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I've recently discovered that the ON clause of a LEFT JOIN may contain values such as (1 = 1).

This is upsetting to me, as it breaks my perception of how joins function.

I've encountered a more elaborate version of the following situation:

SELECT DISTINCT Person.ID, ...
FROM Person LEFT JOIN Manager 
ON (Manager.ID = Person.ID OR Manager.ID = -1))
WHERE (...)

It's perfectly legal. What does "Manager.ID = -1" accomplish, if anything? How can this effect the Join?

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3 Answers 3

up vote 3 down vote accepted

If person table is:

id  name

1   Person One
2   Person Two
3   Person Three
4   Person Five
5   Person Six

If manager table is

id  name
-1  Admin
2   Manager One
3   Manager Two

if the query is:

SELECT DISTINCT *
FROM Person LEFT JOIN Manager 
ON (Manager.id = Person.id OR Manager.id = -1)

Then the result is:

Person One  -1	Admin
Person Two  -1	Admin
Person Two  2	Manager One
Person Three    -1	Admin
Person Three    3	Manager Two
Person Four -1	Admin
Person Five -1	Admin

Here all person rows joins with the -1 Admin (on manager table) AND if the same id exist in manager table one more join occurs.

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missing "person four" wasted my 5 minutes :) –  Mehmet AVŞAR Oct 11 '13 at 7:55

Unless there a row in the Manager table where the id is equal to -1, it does nothing at all. If there is such a row, then that row will always be joined to every row in the person table. So for each Person row you would potentially get two ros in query output, one with manager.id = to the persons' id, and another with the Manager.ID = -1 row

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Simpler than I had imagined. Thanks. –  Jude Allred Oct 7 '09 at 23:28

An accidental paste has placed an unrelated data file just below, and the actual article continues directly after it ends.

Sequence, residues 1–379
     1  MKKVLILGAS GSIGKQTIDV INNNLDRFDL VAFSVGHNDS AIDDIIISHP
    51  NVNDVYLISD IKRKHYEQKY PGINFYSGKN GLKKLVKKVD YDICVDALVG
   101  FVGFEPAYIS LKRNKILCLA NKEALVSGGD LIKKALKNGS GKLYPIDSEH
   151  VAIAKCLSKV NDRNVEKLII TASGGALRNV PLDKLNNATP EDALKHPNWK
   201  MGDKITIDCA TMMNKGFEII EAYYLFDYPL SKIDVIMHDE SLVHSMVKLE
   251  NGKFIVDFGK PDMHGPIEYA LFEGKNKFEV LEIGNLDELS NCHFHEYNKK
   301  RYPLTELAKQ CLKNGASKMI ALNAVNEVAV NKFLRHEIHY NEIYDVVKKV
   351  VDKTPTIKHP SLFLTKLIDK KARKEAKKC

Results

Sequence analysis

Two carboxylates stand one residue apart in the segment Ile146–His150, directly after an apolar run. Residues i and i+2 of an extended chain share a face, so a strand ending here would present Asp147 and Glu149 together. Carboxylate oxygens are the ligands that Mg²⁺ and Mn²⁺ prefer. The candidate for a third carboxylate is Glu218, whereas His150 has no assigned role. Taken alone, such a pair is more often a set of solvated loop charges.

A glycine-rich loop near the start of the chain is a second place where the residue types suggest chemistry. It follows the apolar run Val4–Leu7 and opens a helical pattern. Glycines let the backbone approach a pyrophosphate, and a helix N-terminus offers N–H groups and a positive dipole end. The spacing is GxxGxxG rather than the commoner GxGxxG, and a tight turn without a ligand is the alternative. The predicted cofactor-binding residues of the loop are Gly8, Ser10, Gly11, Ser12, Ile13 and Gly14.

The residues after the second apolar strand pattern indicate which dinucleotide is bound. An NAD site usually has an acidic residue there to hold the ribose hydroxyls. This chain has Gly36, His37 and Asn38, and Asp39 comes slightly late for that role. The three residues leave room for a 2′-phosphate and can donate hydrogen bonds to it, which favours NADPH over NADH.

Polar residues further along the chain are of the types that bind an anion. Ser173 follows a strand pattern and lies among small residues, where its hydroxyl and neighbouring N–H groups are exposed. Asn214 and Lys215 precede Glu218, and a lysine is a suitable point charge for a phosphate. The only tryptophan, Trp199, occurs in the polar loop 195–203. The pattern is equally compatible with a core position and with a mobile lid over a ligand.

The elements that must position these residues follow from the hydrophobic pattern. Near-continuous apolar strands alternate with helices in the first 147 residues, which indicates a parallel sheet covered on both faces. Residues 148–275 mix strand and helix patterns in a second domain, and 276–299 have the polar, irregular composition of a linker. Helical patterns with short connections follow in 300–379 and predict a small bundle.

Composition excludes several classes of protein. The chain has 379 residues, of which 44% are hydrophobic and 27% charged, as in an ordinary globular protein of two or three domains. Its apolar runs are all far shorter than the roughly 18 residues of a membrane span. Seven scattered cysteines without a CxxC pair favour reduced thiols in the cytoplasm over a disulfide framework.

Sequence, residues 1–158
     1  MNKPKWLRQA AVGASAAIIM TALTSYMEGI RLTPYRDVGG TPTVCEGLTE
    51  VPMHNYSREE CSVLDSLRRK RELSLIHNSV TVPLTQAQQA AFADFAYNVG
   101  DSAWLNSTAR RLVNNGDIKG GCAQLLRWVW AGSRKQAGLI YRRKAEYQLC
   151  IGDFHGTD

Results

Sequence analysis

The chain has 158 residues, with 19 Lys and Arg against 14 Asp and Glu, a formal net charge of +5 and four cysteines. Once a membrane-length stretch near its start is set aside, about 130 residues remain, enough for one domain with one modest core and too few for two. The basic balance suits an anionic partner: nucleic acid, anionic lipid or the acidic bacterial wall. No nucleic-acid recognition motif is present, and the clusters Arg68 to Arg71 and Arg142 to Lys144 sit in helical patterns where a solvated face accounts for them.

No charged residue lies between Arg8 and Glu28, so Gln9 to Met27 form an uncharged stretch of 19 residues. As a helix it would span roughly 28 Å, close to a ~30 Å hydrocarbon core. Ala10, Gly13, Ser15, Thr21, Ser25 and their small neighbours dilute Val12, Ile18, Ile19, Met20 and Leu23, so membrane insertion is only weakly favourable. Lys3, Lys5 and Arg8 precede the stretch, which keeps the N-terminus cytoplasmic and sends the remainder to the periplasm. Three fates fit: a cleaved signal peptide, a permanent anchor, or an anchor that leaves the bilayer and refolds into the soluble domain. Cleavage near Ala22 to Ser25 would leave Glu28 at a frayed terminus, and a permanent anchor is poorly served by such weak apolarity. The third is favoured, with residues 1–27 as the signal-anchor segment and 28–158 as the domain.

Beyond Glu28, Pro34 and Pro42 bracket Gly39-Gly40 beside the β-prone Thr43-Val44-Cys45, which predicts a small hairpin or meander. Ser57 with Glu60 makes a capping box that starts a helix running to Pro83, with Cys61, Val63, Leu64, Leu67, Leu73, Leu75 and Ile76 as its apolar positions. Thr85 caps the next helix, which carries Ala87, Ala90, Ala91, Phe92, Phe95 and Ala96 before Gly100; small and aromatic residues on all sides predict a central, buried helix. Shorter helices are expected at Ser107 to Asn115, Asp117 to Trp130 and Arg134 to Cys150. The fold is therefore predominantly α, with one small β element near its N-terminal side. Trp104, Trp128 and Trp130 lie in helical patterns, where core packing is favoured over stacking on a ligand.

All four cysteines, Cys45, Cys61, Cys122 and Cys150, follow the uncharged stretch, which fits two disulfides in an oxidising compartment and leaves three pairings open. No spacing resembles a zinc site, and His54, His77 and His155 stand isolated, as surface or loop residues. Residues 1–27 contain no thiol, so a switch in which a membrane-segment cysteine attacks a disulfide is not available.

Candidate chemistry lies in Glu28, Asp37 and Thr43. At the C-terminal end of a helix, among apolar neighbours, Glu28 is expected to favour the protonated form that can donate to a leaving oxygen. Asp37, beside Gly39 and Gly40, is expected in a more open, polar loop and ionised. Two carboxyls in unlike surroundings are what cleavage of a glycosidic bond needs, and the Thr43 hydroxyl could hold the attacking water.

Also you will see the AND clause used to further filter the records. This is extremely important in dealing with outer joins as adding those filtering actions to the where caluse will turn the join from a left join to an inner join (unless it is something like where t.idfield is null).

Below I show how this works and why it important to put the filtering clasues in the right place.

create table #test ( test1id int, test varchar (10)) create table #test2 ( test2id int, test1id int, test2 varchar (10))

insert into #test (test1id, test)
select 1, 'Judy'
union all
select 2, 'Sam'
union all 
select 3, 'Nathan'

insert into #test2 (test2id, test1id, test2)
select 1,1,'hello'
union all 
select 2,1,'goodbye'
union all 
select 3,2,'hello'

select * from #test t
left join #test2 t2 on t.test1id = t2.test1id
where test2 = 'goodbye'
--result set
--test1id	test	test2id	test1id	test2
--1	Judy	2	1	goodbye

select * from #test t
left join #test2 t2 on t.test1id = t2.test1id
and test2 = 'goodbye'
--result set 
--test1id	test	test2id	test1id	test2
--1	Judy	2	1	goodbye
--2	Sam	NULL	NULL	NULL
--3	Nathan	NULL	NULL	NULL

You can use where some field is null (assuming you pick a field that will never be null) to grab the records in the first table but not the second like so:

select * from #test t
left join #test2 t2 on t.test1id = t2.test1id
where test2id is null
--result set 
--test1id	test	test2id	test1id	test2
--3	Nathan	NULL	NULL	NULL
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